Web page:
IN UNIFORM - Camper Peyton Shindler gets suited up with his belt and handcuffs for the Kids N’ Kops program.

Eighth annual Kids N’ Kops camp a great success

Youth experience hands-on training with law enforcement agencies

Last week, a group of 24 youth experienced what it is like to be a police officer. For one week, they saw behind the scenes of law enforcement through the ever popular Big Brothers Big Sisters of Lacombe and District (BBBS) Kids N’ Kops camp.

The program partners youth with members of local law enforcement agencies. From patrols, mock arrest scenarios to visiting with police dogs, the campers experienced situations the police and bylaw officers face each day.

BBBS Executive Director Crystal Zens said the feedback from this year’s camp was positive. “The basic purpose of the camp is for a police mentorship aspect and to build bonds with youth at a young age with police officers in our community.”

Throughout the week, campers experience a day in a life of a police officer through highly interactive activities.

“We also have a lot of scenarios where they can learn positive choices can open up their doors in life and things like that,” said Zens. “The goal is the youth will have life-long relationships with these policemen in their community and learn positive and negative choices.”

This year, members of the Lacombe Police Service, Blackfalds RCMP, and Town of Blackfalds peace officers participated in the mentorship program. Aspects of the camp were split between Lacombe and Blackfalds, with activities throughout the week in both communities.

“We had one and a half days in Lacombe and one and a half days in Blackfalds,” explained Zens. “The police officers that work with us get down to the kids’ level and make it so much fun. It’s a great opportunity to play and have fun but learn a lot in the process. It’s a very busy, very structured camp.”

On the first day, the campers participated in a meet and greet at the Blackfalds RCMP Detachment, checked out the police helicopter and had a pizza party.

On day two, the campers were on the move for a field trip to Red Deer and the RCMP K-9 facility along the QE II Hwy. near Innisfail.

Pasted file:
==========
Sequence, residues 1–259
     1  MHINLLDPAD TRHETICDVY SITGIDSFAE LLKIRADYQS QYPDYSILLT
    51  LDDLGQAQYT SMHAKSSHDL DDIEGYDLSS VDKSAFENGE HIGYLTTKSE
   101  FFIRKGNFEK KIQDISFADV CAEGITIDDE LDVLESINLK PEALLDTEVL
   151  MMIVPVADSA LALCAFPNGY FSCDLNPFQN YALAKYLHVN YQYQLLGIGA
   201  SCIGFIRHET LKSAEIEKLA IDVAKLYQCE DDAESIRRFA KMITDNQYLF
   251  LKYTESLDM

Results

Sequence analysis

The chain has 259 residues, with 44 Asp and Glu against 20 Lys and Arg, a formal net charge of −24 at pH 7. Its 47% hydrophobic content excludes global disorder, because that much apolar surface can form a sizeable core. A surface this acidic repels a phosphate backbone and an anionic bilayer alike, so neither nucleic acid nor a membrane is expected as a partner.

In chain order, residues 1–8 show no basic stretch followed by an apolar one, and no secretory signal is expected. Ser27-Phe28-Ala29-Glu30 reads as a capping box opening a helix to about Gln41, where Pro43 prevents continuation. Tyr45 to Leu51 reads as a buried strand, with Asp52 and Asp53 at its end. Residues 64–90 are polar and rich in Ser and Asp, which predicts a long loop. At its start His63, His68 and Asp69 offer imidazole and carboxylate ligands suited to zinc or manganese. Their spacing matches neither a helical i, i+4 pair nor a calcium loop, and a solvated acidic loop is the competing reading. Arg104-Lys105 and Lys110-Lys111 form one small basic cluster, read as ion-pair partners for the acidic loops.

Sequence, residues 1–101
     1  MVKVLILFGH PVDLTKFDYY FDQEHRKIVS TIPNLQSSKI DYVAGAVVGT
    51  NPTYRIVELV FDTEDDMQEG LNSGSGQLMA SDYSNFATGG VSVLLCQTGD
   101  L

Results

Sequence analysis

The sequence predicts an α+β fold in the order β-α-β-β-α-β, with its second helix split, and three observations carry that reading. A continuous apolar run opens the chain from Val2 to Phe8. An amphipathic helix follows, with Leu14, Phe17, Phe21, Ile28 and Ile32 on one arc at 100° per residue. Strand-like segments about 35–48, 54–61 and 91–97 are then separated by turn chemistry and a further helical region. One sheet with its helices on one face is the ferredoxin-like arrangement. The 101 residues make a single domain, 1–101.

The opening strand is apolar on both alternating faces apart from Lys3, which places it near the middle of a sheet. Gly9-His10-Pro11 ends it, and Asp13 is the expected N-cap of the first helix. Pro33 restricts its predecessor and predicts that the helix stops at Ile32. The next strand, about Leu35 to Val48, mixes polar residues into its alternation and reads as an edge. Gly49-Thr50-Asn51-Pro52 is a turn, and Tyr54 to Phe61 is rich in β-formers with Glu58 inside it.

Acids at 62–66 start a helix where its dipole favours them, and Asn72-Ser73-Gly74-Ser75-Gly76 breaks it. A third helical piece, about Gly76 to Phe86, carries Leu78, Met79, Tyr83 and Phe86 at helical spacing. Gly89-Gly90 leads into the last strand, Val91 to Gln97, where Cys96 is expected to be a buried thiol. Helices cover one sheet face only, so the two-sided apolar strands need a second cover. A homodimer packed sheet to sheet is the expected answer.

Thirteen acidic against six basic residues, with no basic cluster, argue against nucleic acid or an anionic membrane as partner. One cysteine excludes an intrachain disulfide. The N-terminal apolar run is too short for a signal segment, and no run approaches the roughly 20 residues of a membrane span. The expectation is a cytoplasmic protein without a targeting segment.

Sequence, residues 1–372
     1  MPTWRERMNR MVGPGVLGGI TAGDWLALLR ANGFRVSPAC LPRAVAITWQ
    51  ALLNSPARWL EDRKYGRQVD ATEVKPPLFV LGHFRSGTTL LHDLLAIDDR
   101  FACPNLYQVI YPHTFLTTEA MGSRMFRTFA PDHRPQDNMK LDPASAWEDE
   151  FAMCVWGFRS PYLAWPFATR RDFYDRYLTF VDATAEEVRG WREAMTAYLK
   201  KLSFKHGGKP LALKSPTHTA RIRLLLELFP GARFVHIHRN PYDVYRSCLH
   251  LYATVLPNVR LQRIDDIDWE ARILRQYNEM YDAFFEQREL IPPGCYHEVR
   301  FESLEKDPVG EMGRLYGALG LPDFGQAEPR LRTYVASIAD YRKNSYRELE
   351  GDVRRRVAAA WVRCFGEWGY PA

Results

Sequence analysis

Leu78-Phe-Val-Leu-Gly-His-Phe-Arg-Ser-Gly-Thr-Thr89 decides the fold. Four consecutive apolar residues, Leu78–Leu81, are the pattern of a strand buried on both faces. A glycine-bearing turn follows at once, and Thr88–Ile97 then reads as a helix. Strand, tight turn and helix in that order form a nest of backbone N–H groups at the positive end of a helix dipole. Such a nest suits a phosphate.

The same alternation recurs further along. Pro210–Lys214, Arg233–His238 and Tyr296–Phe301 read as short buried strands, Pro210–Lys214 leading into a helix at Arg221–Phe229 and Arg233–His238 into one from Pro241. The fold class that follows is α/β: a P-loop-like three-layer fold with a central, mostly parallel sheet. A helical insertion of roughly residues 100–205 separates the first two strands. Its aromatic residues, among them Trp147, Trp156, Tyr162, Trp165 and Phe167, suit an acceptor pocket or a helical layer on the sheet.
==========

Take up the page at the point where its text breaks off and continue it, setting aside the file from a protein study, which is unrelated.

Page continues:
Day three saw them participating in one of the most interactive portions of the camp – police scenarios. The campers were suited up with utility belts and handcuffs and utilizing their training and roamed the streets of Blackfalds in search of crime.

With their mentors by their side, the youth encountered many different scenarios in downtown Blackfalds including an impaired driver, two individuals conducting illegal activities in an alleyway, a mental health incident and arresting a shoplifter in the hardware store.

Although all the scenarios were simulated, the youth learned valuable tools like how to use their words, how to interact with different types of people and the importance of staying calm in high-intensity situations.

On day four, the participants played a game of police dodge ball and graduated from the program.

Due to high numbers of campers vying for spots in the camp, youth can only attend the camp once, hence the graduation from the program at the end of the week.

The camp is a collaborative effort between both communities, law enforcement agencies and volunteers.

“Over the course of the week we have over 1,200 volunteer hours on top of staff,” explained Zens. “We have so many actors in the community and so many helpers. We wouldn’t be able to do our camp the way we facilitate it without all of these amazing volunteers.”

In 2013, the BBBS Kids N’ Kops program won the Solicitors General Award of Alberta.

The innovative Lacombe-based program is now shared and implicated in other communities such as Terrace, B.C.

news@lacombeexpress.com

 

 

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